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The Global Village

I had to visit my nearest Post Office the other day. Invariably, this is an experience I try to avoid; as I’m sure do other people. The dull monotony of waiting for the person in front to finish buying a book of stamps before one’s hope is dashed, as she reveals a large brown paper parcel and asks: “How many stamps do I need to send a ten kilo package to my aunt in Abyssinia”?

The Post Office is of course, a wonderful example of how much time wasting is involved with simple beaurocracy and how great swathes of paperwork and rubber-stamping could be replaced by kiosks and eGovernment, such as the form that entitles us, as UK citizens, to medical treatment in other EEC states. Why on earth isn’t this available on-line I wonder or does the Post Office cashier’s little rubber stamp on top of my National Insurance number represent the equivalent of the digital signatures that we still don’t have?

What was really interesting in my local Post Office on this occasion was the sudden appearance of nine PC’s propped along the back wall. UK Online had arrived in SW19 and there was little doubt that the availability of Internet was a big hit but not with the locals as you might have thought.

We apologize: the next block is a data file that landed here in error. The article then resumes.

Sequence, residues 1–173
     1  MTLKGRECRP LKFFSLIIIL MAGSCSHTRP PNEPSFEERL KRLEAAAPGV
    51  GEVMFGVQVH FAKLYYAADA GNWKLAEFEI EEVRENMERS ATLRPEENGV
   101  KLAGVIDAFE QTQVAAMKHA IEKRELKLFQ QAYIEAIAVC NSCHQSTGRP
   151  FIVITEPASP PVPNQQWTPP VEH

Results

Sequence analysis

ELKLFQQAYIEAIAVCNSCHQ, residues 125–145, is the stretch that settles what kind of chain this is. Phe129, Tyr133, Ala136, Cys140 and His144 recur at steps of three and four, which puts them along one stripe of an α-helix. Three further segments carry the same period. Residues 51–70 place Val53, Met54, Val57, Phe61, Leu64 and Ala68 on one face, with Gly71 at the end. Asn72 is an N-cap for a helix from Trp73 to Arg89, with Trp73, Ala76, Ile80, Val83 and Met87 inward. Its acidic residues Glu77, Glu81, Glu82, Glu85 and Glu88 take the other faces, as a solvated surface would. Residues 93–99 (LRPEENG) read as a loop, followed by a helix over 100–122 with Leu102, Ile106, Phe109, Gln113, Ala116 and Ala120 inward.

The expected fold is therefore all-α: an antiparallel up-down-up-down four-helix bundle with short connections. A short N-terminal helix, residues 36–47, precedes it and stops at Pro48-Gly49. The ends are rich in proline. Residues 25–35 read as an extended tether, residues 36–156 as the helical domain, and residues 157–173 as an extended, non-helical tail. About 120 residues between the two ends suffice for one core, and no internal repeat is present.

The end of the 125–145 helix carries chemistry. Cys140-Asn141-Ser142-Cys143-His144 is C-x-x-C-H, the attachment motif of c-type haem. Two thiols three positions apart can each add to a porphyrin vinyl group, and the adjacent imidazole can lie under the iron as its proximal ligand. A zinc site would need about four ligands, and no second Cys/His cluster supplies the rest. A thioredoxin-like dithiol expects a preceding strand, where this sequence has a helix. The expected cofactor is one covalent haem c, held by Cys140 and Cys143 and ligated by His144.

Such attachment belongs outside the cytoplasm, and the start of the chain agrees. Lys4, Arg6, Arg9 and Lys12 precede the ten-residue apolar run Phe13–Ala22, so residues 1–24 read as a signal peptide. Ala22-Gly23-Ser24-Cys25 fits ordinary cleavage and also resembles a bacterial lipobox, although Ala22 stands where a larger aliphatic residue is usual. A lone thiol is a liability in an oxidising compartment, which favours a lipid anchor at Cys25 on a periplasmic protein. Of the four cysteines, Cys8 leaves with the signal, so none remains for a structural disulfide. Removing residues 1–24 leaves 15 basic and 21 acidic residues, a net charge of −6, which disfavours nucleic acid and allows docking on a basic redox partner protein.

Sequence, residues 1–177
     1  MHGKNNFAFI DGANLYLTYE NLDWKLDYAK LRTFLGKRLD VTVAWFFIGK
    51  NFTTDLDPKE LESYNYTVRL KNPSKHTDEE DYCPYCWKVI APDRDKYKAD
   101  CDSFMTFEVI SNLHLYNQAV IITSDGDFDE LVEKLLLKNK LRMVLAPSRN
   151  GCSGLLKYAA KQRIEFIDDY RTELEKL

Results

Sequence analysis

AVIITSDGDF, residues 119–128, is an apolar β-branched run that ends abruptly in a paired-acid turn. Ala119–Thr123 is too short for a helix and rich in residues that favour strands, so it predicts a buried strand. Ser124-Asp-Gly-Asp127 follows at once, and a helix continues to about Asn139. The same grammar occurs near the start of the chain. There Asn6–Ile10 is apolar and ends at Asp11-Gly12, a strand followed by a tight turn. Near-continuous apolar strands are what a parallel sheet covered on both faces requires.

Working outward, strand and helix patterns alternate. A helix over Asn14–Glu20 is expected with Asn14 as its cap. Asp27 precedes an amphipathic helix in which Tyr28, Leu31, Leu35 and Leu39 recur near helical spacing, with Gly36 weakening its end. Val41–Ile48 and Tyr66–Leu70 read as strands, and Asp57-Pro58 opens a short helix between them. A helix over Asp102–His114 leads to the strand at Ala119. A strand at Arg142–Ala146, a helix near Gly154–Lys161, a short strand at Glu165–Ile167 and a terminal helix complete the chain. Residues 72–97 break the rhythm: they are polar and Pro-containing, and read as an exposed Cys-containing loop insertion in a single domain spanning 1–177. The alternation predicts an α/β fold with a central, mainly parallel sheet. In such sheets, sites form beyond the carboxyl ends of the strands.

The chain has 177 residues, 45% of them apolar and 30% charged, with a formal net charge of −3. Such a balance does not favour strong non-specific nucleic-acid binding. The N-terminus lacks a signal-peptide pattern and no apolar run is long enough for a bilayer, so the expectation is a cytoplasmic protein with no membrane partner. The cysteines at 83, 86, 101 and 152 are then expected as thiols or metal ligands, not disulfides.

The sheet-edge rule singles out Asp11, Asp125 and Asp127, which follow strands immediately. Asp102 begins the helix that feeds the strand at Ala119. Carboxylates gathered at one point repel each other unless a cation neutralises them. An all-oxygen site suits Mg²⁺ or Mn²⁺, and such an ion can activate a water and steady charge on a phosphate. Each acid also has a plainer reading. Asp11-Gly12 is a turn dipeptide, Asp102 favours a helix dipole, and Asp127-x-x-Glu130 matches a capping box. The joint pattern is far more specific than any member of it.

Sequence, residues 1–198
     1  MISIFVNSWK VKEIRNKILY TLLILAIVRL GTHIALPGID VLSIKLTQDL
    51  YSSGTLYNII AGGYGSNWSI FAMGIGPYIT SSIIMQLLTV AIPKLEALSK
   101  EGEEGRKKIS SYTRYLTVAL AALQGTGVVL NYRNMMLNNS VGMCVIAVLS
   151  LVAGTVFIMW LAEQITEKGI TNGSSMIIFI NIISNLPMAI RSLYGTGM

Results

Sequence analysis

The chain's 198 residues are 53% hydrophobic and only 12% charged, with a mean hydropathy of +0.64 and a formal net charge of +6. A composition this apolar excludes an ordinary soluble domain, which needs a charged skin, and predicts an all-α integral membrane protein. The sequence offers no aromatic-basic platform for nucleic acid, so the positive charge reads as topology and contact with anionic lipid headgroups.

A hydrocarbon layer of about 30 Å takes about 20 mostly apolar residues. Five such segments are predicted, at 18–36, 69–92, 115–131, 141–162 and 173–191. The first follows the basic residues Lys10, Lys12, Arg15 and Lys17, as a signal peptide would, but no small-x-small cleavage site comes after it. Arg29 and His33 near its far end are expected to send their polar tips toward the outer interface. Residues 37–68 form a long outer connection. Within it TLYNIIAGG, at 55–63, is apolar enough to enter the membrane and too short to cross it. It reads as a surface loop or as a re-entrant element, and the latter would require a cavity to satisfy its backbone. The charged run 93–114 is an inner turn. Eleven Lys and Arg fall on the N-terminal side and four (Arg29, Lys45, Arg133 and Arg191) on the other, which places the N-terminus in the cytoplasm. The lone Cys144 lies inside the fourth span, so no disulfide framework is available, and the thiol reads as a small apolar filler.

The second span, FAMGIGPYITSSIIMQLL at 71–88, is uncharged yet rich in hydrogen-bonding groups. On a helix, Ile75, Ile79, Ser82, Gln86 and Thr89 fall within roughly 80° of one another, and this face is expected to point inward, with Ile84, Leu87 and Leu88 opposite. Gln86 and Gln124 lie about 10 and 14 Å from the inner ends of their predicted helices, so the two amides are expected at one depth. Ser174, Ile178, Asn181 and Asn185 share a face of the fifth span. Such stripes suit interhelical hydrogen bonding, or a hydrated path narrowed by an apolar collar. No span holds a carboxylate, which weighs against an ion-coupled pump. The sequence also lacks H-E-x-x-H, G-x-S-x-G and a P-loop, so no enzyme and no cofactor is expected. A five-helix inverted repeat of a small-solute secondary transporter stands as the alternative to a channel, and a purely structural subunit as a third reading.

Each workstation, from what I could see, as I moved slowly down the queue was being used for mail, predominantly Hotmail, by what were very obviously young people visiting from elsewhere in the global village. No silver surfers, no single mothers, no minorities and in fact, nobody even faintly close to the group that I thought the initiative had in mind.

What’s just as interesting from my point of view is the choice of PC’s on an Ethernet, over some kind of hardened kiosk-style environment protected by Robocop. Call me a cynic if you like, but how long are these machines going to last I wonder, in what is, after all, one of the harshest environments known to computing, unrestricted public access.

So while on the one hand, I’m in favour of making the Internet available to anyone in Post Offices, libraries, churches and mosques, I’m concerned, like anyone else in IT, that you can’t simply throw thousands of units into the public domain and expect them to survive longer than a year, in the process, delivering for the general population what was expected of them in the first place.

Now, having been involved with the idea since the day that Professor Jim Norton and I discussed its pros and cons on television, I should understand why we’re doing this and what we expect the end result of this huge national investment to be. Three years on and SW19 has a ‘Wired’ Post Office but do nine PCs make a difference and if so, where and to who? I’m not sure I know the answer and I’m not sure that those who should know are certain either!

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